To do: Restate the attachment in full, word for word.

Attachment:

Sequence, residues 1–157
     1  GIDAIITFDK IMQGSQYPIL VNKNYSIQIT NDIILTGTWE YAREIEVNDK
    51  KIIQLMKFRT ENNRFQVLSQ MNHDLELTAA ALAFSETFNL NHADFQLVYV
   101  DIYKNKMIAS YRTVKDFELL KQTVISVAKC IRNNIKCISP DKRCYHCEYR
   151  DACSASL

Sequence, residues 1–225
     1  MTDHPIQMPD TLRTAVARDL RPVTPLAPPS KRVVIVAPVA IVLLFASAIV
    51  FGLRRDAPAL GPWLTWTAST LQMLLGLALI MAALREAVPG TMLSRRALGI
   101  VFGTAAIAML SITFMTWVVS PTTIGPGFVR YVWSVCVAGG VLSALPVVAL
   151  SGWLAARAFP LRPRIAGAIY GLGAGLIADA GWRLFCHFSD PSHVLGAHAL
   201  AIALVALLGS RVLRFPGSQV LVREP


Sequence, residues 1–157
     1  GIDAIITFDK IMQGSQYPIL VNKNYSIQIT NDIILTGTWE YAREIEVNDK
    51  KIIQLMKFRT ENNRFQVLSQ MNHDLELTAA ALAFSETFNL NHADFQLVYV
   101  DIYKNKMIAS YRTVKDFELL KQTVISVAKC IRNNIKCISP DKRCYHCEYR
   151  DACSASL

Sequence, residues 1–225
     1  MTDHPIQMPD TLRTAVARDL RPVTPLAPPS KRVVIVAPVA IVLLFASAIV
    51  FGLRRDAPAL GPWLTWTAST LQMLLGLALI MAALREAVPG TMLSRRALGI
   101  VFGTAAIAML SITFMTWVVS PTTIGPGFVR YVWSVCVAGG VLSALPVVAL
   151  SGWLAARAFP LRPRIAGAIY GLGAGLIADA GWRLFCHFSD PSHVLGAHAL
   201  AIALVALLGS RVLRFPGSQV LVREP